The elements are just some aluminum tubing that I got from the hobby store. Think it is 1/8" or 3/16" ? ...Thick walled tubing. On the 2 meter I made, I used old aluminum arrow shafts. The next one I made I used alum. Gun cleaning kit shafts! The first thing I did was to cut them in half, then drill and tap the holes in the ends to the right threads for the small “all thread” that would fit. With one end threaded and a short piece of all thread installed and crimped (so it wouldn’t come out) I screwed them together though the hole I had drilled into the fiberglass ‘boom’ , marked the sides of the boom on the aluminum and disassemble again. This make gave me my “stops” for the elements. With a little washer, and some very light brazing, I sweat the washer onto the elements. Then they where carefully trimmed to the right length. (I made one for a friend and used alum. Gun cleaning kit shafts. They already have the threaded ends on them!) The only thing that was left was the “gamma match” this is where the coax would attach with a BNC connecter. A gamma match is a short bar that the ungrounded coaxal feed runs through to match the impedance of the antenna to the 50 ohm load the radio puts out. The antenna it self was about 35ohms if I remember it right.
the last thing I did was measure out some very thin, flexible, RG-58. I cut it to just a little over one wavelength to allow the radio to load a whole wave before the antenna.
It matched out at 1.2:1 I wasn’t complaining, my radios wernt either!
The math and the measurements. I will leave to you. The formulas are all common knowledge and readily available.
well maybe I can draw you a picture. The kid still has the camera. At least I hope he still has it... Just a minute........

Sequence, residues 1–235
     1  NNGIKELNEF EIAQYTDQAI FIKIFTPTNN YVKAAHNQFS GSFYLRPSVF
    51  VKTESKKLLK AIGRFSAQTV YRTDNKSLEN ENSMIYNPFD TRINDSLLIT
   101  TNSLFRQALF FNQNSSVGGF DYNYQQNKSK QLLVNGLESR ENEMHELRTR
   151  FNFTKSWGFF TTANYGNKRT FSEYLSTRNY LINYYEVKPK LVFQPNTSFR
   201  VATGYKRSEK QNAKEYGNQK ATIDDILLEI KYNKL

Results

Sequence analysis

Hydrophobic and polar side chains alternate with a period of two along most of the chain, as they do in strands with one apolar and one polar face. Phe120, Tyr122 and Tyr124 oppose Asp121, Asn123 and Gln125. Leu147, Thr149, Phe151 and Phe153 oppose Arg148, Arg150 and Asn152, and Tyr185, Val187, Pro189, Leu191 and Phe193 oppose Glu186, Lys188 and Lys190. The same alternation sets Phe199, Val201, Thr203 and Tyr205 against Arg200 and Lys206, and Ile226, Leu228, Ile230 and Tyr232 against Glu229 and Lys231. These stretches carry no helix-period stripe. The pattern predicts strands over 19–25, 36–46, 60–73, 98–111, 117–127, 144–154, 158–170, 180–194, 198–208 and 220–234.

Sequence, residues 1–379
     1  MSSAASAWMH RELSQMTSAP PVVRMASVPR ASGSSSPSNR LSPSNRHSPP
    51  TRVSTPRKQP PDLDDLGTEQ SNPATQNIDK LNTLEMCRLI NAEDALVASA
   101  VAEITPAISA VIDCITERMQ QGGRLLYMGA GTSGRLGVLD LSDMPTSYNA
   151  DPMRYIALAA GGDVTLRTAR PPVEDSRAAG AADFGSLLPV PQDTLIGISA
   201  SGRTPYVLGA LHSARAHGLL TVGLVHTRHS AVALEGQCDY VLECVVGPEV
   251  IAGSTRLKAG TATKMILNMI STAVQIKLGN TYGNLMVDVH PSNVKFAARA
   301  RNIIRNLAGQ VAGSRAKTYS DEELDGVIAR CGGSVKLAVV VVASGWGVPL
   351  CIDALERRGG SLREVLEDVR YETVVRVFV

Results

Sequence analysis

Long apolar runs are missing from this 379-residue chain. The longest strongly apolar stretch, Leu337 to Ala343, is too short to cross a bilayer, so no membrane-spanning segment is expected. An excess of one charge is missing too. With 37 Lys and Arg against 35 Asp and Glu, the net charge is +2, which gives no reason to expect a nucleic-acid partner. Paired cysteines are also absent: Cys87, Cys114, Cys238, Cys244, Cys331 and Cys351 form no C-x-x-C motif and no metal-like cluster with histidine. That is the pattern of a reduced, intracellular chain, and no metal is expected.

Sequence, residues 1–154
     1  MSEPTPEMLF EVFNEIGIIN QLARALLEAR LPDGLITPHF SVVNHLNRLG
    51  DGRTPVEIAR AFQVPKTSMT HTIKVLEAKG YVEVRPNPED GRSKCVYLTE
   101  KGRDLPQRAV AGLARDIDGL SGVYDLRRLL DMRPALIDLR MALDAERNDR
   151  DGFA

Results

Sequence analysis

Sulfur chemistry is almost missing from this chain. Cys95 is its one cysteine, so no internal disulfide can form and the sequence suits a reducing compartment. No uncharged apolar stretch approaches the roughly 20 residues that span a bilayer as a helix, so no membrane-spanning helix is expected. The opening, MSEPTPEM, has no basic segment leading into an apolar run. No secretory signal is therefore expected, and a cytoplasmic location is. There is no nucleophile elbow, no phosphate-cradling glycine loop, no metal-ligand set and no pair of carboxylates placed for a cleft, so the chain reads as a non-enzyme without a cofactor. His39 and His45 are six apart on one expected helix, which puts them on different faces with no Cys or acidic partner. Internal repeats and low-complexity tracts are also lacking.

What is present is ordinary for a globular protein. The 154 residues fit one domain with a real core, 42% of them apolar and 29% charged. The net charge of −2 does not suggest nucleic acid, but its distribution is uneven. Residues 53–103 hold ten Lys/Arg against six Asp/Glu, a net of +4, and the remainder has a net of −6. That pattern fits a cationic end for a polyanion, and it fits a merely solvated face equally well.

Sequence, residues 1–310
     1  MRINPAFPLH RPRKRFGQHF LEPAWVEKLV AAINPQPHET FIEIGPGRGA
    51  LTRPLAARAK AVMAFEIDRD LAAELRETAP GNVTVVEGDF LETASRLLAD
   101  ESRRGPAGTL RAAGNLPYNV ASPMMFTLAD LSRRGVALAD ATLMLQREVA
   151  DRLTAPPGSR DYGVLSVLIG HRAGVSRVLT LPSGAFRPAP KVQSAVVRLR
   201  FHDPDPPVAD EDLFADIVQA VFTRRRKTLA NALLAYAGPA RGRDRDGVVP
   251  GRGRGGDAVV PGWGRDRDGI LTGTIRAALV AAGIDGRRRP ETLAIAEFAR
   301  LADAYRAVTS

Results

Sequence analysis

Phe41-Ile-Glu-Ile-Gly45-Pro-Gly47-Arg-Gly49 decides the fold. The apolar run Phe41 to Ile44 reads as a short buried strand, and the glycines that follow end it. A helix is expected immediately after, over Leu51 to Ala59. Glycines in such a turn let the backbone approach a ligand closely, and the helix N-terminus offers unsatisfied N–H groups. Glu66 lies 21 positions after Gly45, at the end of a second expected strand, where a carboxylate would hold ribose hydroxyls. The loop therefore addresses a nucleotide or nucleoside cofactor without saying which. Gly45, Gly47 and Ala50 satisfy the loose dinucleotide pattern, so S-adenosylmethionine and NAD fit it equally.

here is a site that I just quickly found that might help a little in the understanding of basic construction of beam, yagi antennas.
OK, thanks for the info. I am glad you made it and didn't purchase it. I'll give it a little thought and look up a yagi with a nice small boom in the antenna book. I've never built a yagi and I was hoping your mini beam was a wire antenna. I've built a few wire antennas and I have seen a couple of wire beams but most are large HF antennas. I almost built a 3 band HF beam last summer. The best things about wire antennas, they fit in a bag and they are almost unbreakable but they require trees. Ok, I got to check your link to the other post.
"The best things about wire antennas, they fit in a bag and they are almost unbreakable but they require trees."
well that's why i made a pocket size yagi.
without coax, its about 7" long and 5/8" round. thats almost the size of the rubber duck that came with the HT. the 'rest of it is jjust a very sma. roll of coax. easly fits into your other shirt pocket.
i put it into a fanny pack with extra batts. and a bunch of other gear and dont even know its there till i need it
cant get much smaller than that.
it gets me a little over 3db. which is super over the rubber duck that is on a HT.
i kind of have a 'thing' for cool little HT's i only have two that are in the 'air band'
those are the ones thhat i take on hikes, for emergency use. now that the personal EPERB's are out, i was thinking about getting one of those. but then thats just another hunk of gear i will have to hump up the mountain. at least the radio is multi useful. the last thing i want is to be stuck in the situation were i would have to cut some body part off to get out!!!